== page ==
Business Irish

Saturday 15 December 2018

Mixed reaction as to business benefits of GDPR

Pictured launching PwC's latest GDPR research are (l-r) Pat Moran, PwC Cyber Leader; Dale Sunderland, Deputy Data Protection Commissioner and Jeremy O'Sullivan, Head of Systems, Strategy and Business Intelligence, Jurys Inns.
Pictured launching PwC's latest GDPR research are (l-r) Pat Moran, PwC Cyber Leader; Dale Sunderland, Deputy Data Protection Commissioner and Jeremy O'Sullivan, Head of Systems, Strategy and Business Intelligence, Jurys Inns.
Ellie Donnelly

Ellie Donnelly

A survey from consulting firm PwC has found that there is a mixed reaction as to the benefits of GDPR.

Just over half of the roughly 100 respondents from businesses said that they see real business benefits emerging from GDPR compliance, but a sizeable proportion (49pc) still see no benefits arising, which PwC said was disappointing.

GDPR will be directly applicable in all EU member states from May 25. The EU-wide regime updates and overhauls European data protection law, and all companies that process the data of EU residents are obliged to comply with the new requirements.

Businesses or organisations could face fines of up to €20m or 4pc of annual global turnover for non-compliance.

Describing it as "concerning" that nearly one in two respondents still see no real benefits of GDPR, Pat Moran, PwC’s cyber leader, said that there are several benefits of being GDPR compliant.

"It is good responsible business practice to hold personal data with care, know why you have it and delete it if it is not needed," Mr Moran said.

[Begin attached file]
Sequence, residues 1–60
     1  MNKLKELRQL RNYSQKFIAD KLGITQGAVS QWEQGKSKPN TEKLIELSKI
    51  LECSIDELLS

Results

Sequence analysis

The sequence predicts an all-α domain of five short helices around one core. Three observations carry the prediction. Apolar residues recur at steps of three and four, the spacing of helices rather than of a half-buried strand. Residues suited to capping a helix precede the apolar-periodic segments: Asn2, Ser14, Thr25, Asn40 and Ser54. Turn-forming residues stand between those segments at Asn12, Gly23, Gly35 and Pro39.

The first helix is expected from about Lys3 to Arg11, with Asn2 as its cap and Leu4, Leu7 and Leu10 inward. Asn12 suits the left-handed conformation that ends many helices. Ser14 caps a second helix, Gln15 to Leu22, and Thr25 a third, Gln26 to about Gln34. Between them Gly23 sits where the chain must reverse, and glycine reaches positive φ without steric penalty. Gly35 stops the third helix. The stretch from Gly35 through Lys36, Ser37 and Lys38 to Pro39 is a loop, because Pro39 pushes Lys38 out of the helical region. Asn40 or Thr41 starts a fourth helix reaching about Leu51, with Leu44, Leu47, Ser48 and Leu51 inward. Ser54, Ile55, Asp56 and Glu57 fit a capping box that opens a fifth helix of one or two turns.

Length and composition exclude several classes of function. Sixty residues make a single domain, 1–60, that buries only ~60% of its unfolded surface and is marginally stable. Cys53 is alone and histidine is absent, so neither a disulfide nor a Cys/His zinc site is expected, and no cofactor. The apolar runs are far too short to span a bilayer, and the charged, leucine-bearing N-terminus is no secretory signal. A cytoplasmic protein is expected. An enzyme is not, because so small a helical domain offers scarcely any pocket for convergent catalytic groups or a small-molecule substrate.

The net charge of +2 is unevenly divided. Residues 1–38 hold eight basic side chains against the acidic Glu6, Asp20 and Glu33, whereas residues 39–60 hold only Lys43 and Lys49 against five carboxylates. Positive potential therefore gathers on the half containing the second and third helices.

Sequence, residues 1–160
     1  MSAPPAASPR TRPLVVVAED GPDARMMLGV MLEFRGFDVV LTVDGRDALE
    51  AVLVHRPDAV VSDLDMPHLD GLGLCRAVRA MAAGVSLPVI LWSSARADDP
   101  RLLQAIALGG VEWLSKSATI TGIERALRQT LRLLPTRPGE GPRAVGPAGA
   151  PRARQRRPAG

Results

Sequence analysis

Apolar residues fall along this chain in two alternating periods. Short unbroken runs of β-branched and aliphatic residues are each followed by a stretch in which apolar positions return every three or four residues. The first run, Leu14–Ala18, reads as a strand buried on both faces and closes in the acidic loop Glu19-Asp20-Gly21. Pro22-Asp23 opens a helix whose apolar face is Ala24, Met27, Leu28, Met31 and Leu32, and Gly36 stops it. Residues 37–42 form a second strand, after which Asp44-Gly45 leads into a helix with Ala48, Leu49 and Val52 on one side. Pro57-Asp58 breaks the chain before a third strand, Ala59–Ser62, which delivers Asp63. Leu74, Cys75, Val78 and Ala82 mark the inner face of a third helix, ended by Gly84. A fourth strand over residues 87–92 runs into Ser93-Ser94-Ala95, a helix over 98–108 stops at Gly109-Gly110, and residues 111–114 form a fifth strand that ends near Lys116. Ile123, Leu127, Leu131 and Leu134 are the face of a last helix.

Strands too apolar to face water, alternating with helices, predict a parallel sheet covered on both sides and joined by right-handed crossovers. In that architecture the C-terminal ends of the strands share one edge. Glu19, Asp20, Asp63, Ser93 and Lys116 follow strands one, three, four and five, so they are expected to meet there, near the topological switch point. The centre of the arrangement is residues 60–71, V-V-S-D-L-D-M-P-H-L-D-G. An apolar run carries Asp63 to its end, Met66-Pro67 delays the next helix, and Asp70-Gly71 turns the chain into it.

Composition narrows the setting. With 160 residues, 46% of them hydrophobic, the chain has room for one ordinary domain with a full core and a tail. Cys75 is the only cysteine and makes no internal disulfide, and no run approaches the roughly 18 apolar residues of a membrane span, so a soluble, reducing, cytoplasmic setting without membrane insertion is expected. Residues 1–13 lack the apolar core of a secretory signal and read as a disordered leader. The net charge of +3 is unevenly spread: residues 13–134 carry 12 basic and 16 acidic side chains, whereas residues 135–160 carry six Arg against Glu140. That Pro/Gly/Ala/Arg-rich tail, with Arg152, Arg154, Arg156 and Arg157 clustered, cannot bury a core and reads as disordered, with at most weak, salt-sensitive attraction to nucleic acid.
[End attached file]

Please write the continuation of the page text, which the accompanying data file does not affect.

"Not only will your organisation have a cleaner data set, being GDPR compliant will ensure personal data is protected and secure and will reduce the risk of a data breach and consequent possible reputational damage."

According to the survey, some of the most difficult aspects of preparing for GDPR compliance include awareness of the consequences, interpretation of some aspects of the rules, clarity around the requirements, and new software and additional training.

In addition, respondents pointed to a lack of clear direction and guidance.

On the other hand, benefits listed included reputation and good governance, enhanced security practices, and improved communication with customers.

Of those surveyed, four out of ten said that they have already invested up to €50,000 in relation to GDPR compliance, with a similar proportion saying that they have invested between €50,000 and €500,000.

"Getting ready for GDPR is essential and required by law. While it may also be a costly exercise, especially for many SMEs, penalties for non-compliance will be far greater," Mr Moran said.

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